Is it a criminal act to withhold/deny parental visitation if it is court mandated? If it is a criminal act, then don’t the police have to enforce and act upon it?
Not necessarily. For intrastate parenting time violations, most state penal codes except situations where the alleged kidnapping victim is the perpetrator’s child from the definition of kidnapping. (From my last review, Oregon’s second degree kidnapping statute contains this exception). This is not to say other crimes do not occur when one parent withholds a child for parenting time – if the parents are verbally or physically abusive at the parenting time exchange, they may commit assault or battery, for example – and willfully defying a court order is punishable contempt of court.
You must bring this issue to the court’s attention if you want to enforce your ordered rights; your court will not enforce its order unless a party brings to the court’s attention something that needs enforcing – there are simply too many orders, and too many things that happen beyond the purview of the bench, for the court to do otherwise – and police officers are, in my experience, unwilling to deal with parenting time issues unless a crime occurs.
How you bring this issue to the court’s attention, however, will depend on the severity of the situation – was it willful? a legitimate misunderstanding? a one-time occurrence? In addition to consulting a lawyer in your area for a thorough review of your case and the laws applicable to it, consider these options:
Informal Court Enforcement: Research the resources in your area for parenting time and custody enforcement. Many states do not require a court motion before a judge to enforce court orders. Other resources, such as parenting time monitors, counselors, and custody mediators, exist. In Michigan, for example, parents who have missed visitation with their children may file a complaint to request make up time within 56 days of the missed visit. A parenting time counselor will review the complaint and issue an opinion in writing to both parents within 21 days. You should consult with a lawyer to learn about the resources available to you.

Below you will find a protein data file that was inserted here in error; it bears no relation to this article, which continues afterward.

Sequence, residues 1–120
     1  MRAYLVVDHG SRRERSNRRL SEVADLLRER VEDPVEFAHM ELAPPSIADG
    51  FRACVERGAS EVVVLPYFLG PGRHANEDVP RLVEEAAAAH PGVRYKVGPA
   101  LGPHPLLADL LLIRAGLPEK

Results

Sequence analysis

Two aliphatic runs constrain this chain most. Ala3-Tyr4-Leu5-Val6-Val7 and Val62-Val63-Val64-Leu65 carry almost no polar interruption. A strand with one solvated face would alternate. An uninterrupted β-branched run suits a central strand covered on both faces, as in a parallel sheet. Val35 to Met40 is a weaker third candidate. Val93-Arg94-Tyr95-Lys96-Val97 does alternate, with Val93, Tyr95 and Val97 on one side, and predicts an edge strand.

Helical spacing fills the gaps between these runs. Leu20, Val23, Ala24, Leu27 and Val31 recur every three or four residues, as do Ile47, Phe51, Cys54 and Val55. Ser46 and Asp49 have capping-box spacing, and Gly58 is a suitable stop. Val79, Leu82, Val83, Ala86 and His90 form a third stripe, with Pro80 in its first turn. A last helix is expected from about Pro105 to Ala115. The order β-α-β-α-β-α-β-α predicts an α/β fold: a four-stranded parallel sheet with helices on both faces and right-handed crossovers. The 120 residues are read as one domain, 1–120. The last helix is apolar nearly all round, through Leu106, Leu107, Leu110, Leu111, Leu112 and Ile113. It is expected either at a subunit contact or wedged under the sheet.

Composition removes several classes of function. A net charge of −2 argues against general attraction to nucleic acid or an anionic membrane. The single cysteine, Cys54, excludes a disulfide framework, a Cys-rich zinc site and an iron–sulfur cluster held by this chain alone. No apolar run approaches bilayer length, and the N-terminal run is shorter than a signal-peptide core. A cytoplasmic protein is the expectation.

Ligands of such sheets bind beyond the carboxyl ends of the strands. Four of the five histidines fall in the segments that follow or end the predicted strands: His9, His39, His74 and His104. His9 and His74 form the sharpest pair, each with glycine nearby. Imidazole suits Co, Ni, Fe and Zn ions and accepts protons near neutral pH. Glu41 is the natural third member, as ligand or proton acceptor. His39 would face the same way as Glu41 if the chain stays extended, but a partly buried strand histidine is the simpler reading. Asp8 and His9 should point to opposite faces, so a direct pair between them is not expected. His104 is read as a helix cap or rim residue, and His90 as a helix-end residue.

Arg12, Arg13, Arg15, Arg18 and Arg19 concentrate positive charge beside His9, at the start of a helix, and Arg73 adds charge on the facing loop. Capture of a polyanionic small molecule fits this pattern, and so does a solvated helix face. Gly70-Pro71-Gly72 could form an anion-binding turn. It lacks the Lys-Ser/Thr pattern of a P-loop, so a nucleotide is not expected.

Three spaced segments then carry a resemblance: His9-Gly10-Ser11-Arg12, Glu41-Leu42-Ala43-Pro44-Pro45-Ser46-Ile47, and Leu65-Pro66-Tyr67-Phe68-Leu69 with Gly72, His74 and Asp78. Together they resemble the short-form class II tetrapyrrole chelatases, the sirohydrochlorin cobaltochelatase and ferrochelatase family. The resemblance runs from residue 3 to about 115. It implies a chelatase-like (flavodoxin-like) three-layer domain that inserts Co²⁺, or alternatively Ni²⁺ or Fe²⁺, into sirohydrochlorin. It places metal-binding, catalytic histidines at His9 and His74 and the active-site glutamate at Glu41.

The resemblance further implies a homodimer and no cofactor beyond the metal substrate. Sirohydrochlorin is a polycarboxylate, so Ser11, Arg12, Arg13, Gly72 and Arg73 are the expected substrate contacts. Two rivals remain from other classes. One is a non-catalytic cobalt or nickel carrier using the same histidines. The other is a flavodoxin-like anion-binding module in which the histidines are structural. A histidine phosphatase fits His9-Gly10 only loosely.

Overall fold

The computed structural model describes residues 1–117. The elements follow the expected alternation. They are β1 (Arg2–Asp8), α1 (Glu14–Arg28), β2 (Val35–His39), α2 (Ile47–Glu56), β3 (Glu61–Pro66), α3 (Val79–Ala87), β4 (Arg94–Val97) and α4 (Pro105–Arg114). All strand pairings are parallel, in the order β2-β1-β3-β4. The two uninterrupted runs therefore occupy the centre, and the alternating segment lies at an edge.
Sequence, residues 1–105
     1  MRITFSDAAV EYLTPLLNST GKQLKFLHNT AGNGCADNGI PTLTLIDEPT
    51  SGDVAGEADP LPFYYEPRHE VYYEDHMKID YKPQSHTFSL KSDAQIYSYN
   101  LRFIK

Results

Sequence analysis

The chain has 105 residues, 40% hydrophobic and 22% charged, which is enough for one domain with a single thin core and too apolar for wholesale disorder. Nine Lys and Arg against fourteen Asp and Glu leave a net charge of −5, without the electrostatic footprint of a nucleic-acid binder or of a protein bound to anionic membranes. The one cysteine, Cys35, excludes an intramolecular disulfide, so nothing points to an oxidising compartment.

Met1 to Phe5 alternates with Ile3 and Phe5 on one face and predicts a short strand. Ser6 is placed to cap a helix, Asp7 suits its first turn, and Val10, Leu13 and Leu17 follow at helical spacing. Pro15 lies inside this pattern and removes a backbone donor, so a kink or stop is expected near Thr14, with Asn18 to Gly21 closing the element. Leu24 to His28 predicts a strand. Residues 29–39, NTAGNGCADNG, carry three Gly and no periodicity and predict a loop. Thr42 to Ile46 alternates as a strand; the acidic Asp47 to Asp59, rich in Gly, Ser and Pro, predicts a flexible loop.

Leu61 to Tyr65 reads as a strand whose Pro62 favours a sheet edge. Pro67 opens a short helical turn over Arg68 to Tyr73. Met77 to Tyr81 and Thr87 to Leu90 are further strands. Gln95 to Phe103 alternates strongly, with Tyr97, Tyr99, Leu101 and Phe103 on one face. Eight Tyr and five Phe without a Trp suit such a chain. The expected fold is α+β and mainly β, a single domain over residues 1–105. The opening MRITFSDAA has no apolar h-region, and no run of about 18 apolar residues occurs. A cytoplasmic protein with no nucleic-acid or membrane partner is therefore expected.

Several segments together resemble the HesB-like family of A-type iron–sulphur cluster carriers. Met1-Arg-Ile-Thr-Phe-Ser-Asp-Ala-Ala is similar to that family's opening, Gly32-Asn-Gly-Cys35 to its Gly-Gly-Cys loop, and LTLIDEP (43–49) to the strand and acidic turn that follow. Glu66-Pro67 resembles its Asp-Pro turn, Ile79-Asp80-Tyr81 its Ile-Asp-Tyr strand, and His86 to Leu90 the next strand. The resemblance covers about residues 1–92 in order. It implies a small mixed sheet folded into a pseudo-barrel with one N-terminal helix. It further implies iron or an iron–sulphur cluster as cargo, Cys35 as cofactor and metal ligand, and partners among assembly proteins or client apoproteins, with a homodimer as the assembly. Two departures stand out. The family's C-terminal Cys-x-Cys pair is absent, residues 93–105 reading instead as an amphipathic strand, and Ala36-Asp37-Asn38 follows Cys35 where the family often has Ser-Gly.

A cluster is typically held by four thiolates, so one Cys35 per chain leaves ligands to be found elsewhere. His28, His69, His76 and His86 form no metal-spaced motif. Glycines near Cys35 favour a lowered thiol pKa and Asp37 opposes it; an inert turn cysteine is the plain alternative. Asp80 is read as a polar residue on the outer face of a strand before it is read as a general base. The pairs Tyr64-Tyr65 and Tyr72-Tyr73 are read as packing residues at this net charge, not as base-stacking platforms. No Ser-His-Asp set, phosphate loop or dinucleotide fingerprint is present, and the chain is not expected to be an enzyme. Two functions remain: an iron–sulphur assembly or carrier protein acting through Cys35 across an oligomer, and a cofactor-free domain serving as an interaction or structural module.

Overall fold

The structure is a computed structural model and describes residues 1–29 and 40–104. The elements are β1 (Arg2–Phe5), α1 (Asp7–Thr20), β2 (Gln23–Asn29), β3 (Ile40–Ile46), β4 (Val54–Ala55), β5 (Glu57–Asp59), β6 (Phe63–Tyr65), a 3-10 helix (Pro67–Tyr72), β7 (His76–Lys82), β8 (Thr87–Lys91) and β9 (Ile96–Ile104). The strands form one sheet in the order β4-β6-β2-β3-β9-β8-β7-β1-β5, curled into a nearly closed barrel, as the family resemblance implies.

Contempt: If your ex simply refuses to follow your court’s order, consider filing a motion to have your judge hold her in contempt for disobedience. The judge will order her to comply, perhaps with make up parenting time, and you will create a record of your denied time in the event you need to modify the order later. The procedures for these motions vary by jurisdiction.
Motion to Modify: If your ex purposely denies your time, if your daughter is unhappy or if you suspect something about your current order just does not “work” and a change would be better, consider filing a motion to modify physical custody or parenting time. The standards vary by state. In general, your unhappiness with the order is not enough; you must show a proper cause or change in circumstances since the last order to justify the change. Some states require a higher burden if you are not a joint physical custodian. These motions generally require more time, in and out of court, than the resources mentioned above and thorough preparation. The long-term benefits could be worth the effort, however, if you are legitimately unsatisfied. You must have a lawyer’s assistance for this motion. Do not pinch pennies here. You need a realistic viewpoint if you are going to invest money, time and emotions for a motion.
Document. Be sure to document when you will exercise parenting time and what happens if parenting time goes awry. Confirm the dates you intend to exercise parenting time in writing. Include contact information where you and your daughter can be reached in the event of a last-minute schedule change. Keep a journal to document your concerns – Was your ex-late for pick up or drop off? How did the exchange go? This is somewhat therapeutic, and it will also refresh your memory when discussing your case with a lawyer and if you need to testify in the future. Be precise and professional, and avoid any nasty naming calling – writings from you may be admissible in court as substantive evidence or for impeachment.
Keep in mind that I am a Michigan attorney and cannot give you detailed advice about the laws in Oregon. You should not rely on this answer as establishing an attorney-client relationship, and you should contact an attorney in your area for additional information and representation.
Jennifer M. Paine is an Associate Attorney in the Detroit, Michigan office of Cordell & Cordell P.C. She is licensed to practice in Michigan, and has been admitted pro hac vice in Illinois, Ohio, and the United States Court of Federal Claims. Ms. Paine received her BA in English and Mathematics from Albion College and graduated Summa Cum Laude. She received her Juris Doctorate from MSU College of Law and graduated Summa Cum Laude.